University of Pennsylvania University of Pennsylvania

University of Pennsylvania

The University of Pennsylvania, a private Ivy League research university located in Philadelphia, is committed to a longstanding tradition of translating knowledge into social-minded action.

America's Founding University

University of Pennsylvania

The University of Pennsylvania, often colloquially referred to simply as "Penn," was founded in 1740 by Benjamin Franklin as America's first university. Franklin's university challenged the educational norms of the day; while other colleges of the Colonial era trained men for the Christian ministry, Franklin envisioned an academic university designed to train students in business, government, and public service. Centuries later, Penn's ecosystem remains one of innovation and the university is consistently ranked one of the best in the country. With a student to faculty ratio of 6 to 1, Penn is home to more than 20,000 graduate and undergraduate students. The university's nearly 5,000 faculty members are leaders in their fields, generating groundbreaking research and training the world's next generation of innovators. Beyond rigorous academics, Penn encourages its students to engage in all that the university has to offer, including impressive athletics, robust extracurricular activities, and the university's renowned Penn Museum and arts galleries.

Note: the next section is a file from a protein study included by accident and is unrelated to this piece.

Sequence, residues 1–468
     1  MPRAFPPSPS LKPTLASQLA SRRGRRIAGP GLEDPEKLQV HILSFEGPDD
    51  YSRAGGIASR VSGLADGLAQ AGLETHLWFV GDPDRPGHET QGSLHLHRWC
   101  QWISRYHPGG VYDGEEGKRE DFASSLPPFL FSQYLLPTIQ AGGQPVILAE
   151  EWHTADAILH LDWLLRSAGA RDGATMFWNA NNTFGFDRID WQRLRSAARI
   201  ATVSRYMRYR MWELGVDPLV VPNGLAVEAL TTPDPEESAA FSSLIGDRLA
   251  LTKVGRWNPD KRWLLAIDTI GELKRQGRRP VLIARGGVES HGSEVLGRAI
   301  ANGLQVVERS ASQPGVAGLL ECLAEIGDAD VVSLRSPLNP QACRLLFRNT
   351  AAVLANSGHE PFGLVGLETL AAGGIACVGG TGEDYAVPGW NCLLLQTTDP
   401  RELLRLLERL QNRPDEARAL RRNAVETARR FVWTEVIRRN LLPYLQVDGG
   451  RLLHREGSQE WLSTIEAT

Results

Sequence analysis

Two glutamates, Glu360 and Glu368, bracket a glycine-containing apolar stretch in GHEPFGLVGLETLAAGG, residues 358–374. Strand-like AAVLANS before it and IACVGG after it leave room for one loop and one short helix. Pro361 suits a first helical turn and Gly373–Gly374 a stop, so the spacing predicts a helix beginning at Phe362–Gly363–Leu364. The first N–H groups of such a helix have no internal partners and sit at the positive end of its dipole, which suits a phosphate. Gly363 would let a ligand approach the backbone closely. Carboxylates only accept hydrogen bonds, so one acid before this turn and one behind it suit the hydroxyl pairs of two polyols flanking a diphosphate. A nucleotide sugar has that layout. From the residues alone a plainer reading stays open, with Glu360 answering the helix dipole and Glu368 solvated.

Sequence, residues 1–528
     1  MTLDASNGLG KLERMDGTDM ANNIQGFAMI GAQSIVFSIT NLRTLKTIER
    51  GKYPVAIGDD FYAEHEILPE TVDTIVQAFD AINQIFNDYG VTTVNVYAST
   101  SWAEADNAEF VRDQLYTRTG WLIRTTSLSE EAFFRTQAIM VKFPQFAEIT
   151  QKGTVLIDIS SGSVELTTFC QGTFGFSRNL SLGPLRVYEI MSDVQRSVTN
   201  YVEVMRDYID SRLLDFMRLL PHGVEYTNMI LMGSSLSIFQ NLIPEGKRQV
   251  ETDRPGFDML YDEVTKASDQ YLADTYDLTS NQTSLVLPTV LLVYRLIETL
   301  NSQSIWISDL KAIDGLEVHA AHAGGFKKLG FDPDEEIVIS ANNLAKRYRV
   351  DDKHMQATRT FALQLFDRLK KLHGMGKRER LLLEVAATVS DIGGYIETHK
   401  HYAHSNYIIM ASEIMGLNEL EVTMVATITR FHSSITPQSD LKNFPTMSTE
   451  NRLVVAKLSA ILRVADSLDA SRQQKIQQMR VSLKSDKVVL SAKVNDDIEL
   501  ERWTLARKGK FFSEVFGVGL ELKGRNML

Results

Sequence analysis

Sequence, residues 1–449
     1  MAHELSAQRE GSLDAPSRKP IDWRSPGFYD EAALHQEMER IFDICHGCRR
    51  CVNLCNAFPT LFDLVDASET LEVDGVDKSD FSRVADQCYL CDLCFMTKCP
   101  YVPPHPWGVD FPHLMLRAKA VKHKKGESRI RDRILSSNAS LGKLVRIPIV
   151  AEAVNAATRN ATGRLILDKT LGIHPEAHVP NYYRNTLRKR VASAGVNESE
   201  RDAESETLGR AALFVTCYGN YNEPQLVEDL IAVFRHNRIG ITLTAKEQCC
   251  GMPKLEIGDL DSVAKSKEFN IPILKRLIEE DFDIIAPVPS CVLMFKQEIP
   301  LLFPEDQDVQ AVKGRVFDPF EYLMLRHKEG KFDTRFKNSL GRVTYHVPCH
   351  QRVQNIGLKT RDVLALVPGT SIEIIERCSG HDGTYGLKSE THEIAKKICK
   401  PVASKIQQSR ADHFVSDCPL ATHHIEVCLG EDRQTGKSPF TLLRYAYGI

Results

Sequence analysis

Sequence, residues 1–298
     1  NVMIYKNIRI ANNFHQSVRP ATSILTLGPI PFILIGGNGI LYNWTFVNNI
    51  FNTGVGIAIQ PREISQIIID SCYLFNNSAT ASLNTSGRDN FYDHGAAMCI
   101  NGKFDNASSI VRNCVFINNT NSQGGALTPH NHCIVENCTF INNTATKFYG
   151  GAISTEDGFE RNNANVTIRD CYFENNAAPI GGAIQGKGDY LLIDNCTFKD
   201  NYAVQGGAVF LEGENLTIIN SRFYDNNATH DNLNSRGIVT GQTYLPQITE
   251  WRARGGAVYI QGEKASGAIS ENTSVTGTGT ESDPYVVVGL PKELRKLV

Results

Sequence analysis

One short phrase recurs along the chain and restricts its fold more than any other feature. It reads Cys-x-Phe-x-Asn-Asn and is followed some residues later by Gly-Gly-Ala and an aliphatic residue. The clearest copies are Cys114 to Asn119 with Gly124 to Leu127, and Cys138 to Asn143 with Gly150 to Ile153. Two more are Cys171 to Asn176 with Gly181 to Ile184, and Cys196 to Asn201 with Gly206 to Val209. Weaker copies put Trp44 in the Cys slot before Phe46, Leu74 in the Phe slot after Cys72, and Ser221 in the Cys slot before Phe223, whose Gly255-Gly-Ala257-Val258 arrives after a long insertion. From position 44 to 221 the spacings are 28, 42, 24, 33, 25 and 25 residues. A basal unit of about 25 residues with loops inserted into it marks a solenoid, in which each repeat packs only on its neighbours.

The University of Pennsylvania is home to the Annenberg School of Communication, established by Ambassador Walter H. Annenberg in 1958.

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President's Discretionary Fund